Pandemic premiums: Estimating country risk
A key metric informing investment decisions are country risk premiums (CRP): the additional returns a project must generate to cover the risks arising from its particular operating environment. Commonly used sovereign risk indicators are misleading proxies for these risks. Consider, the sovereign ratings of the UK next to uncertainties of its operating environment given Brexit; the structural fiscal deficit of India next to the financial strength of major Indian companies; or the creditworthiness of the Chinese sovereign next to the recent defaults of major state-owned enterprises.
Our Country Risk Investment Model (CRIM) integrates the full spectrum of commercially relevant political, economic, legal, tax, operational, and security risks and models their impact on future cash flows by sector, and by project phase (development, production, and income). This results in a more accurate and actionable forecast of future cash flows allowing for more precise valuation and comparison of potential investments in a single country, across sectors, across a region, and/or around the world.
Recession premiums: Automotive and manufacturing
COVID-19 has had a large impact on automobile production, having been affected both on the supply side by national lockdowns and supply chain disruptions, and by the collapse in demand. National recessions around the world were inevitable and drove the greatest expected cash flow losses due to country risk (adjusting the net present value of a hypothetical 25-year for political, economic, legal, tax, operating, and security risks). The losses associated with a reduction in sales caused by economic slowdown is derived from our 'recession' risk score. Positively, CRIM calculated that CRPs recovered strongly overall in Q3 and broadly converged to pre-COVID-19 levels in Q4.
However, automotive revenues were already affected by policy and regulatory risk factors in major markets prior to the COVID-19 pandemic, such as trade disputes between the US and China, finalisation of the United States-Mexico-Canada Agreement, and continued uncertainty around the future trading relationship between the UK and European Union. The impact of COVID-19 was particularly acute for the automotive sector, to which IHS Markit assigns a higher Weighted Average Cost of Capital (WACC) than for general manufacturing given the sector's greater volatility in the global economy, such as the potential for disruption to automotive companies' highly interconnected and dependent 'just in time' supply chains.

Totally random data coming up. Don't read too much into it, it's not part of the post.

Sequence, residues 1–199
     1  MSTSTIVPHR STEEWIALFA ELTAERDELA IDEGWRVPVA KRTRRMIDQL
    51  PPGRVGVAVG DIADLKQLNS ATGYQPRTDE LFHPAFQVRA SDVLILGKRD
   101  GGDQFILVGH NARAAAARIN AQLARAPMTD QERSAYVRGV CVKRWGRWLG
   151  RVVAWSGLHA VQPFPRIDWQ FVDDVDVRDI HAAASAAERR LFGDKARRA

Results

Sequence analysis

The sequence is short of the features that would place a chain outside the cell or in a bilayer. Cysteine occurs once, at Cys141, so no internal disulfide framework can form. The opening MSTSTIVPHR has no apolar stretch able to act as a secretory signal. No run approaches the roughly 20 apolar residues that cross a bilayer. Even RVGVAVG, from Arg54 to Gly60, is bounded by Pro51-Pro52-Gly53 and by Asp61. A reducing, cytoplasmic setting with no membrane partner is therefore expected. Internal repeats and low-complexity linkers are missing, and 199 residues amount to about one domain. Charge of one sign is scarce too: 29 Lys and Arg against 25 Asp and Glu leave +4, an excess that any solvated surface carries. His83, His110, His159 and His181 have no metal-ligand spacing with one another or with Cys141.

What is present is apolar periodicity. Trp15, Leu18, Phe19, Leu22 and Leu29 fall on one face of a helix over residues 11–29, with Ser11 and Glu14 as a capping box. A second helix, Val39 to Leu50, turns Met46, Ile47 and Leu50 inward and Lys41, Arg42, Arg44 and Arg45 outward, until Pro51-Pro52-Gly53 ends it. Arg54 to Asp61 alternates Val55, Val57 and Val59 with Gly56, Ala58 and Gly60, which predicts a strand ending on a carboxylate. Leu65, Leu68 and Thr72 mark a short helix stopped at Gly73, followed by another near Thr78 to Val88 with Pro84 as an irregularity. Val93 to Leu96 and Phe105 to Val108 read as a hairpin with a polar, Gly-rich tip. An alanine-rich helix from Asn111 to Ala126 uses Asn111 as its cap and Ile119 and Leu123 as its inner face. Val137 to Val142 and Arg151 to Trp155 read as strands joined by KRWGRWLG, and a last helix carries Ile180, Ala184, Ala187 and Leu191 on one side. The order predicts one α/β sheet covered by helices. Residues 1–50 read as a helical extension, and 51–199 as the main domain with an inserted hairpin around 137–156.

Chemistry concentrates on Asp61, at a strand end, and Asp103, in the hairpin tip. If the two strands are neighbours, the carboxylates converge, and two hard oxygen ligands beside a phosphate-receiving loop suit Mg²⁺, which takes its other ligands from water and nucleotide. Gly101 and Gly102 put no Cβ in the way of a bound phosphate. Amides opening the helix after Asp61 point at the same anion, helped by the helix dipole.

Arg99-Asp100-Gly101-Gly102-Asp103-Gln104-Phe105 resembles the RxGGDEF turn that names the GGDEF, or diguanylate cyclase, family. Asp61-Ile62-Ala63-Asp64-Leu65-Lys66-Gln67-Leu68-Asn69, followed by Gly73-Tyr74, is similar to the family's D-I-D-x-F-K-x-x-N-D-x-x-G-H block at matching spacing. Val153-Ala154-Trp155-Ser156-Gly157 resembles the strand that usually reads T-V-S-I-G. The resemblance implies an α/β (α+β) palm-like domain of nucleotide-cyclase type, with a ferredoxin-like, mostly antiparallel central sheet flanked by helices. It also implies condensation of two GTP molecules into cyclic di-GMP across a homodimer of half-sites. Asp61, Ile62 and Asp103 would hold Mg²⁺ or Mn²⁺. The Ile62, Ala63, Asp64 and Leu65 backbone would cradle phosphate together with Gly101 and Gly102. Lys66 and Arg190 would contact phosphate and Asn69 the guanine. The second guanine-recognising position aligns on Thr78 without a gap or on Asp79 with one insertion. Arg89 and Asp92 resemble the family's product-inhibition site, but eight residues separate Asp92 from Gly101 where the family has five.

Light vehicle production was severely disrupted as major auto plants across Europe shutdown from March-May and vehicle dealers and showrooms remained closed due to the imposition of COVID-19-related restrictions. Consequently, the automotive sector recorded a larger increase in total expected cash flow losses (USD112.9 million over the project's life cycle) than general manufacturing (USD105.6 million) across the top 10 automobile producers in Q2 given the deeper and longer-lasting impact of recessions on this sector.
Country risk fundamentals
Expected cash flow losses cannot be fully accounted for by a recession-induced reduction in sales. While other automotive producers converged to pre-COVID-19 levels in Q4, Mexico's CRP increased by 1.55% (q-on-q) and 0.88% (q-on-q) for the automotive and manufacturing sectors respectively.
Cash flow losses for Mexico's automotive sector remained elevated into Q4 2020 despite recession-induces losses beginning to subside. This is primarily because President Andrés Manuel López Obrador's support for cancelling electricity and natural resource contracts, advancing contract renegotiations to support state-owned over private companies, and the role of local referenda in forcing contract alterations for projects facing community opposition, have all increased state contract alteration risks. Consequently, estimated losses stemming from contract alteration increased from USD12.79 million in Q3 to USD16.2 million in Q4.
Market-based approaches to calculating country risk tend to miss such commercially significant risks and over-emphasise sovereign default and market volatility. Typical approaches to calculating country risk premiums use government bond and credit default swap spreads, in addition to factoring in equity market volatility. This method is especially problematic in the context of emerging and frontier markets, where credit fundamentals do not necessarily reflect the health of the real economy or the full range of risks that impact project cash flows, such as criminal violence, strikes and protests, and state contract alteration.
Miscalculating country risk in frontier markets
Across the 27 MSCI-classified frontier markets (excluding Benin), using a sovereign risk proxy results in the overestimation of CRPs for 26 countries by 4.24 percentage points on average.
To take one example, a market-based approach undervalues cash flow losses for automobile projects in Mexico by 5.56% compared to the CRP calculated by CRIM. Despite Mexico having a comparatively strong sovereign credit rating (rated at 30 on IHS Markit's scale), this rating does not account for the combined risks of criminal violence, strikes and protests, and state contract alteration - all of which would require a higher estimated return of investment to compensate for any potential cash flow losses.
Download our Country Risk Premium scores and special report to see for yourself.
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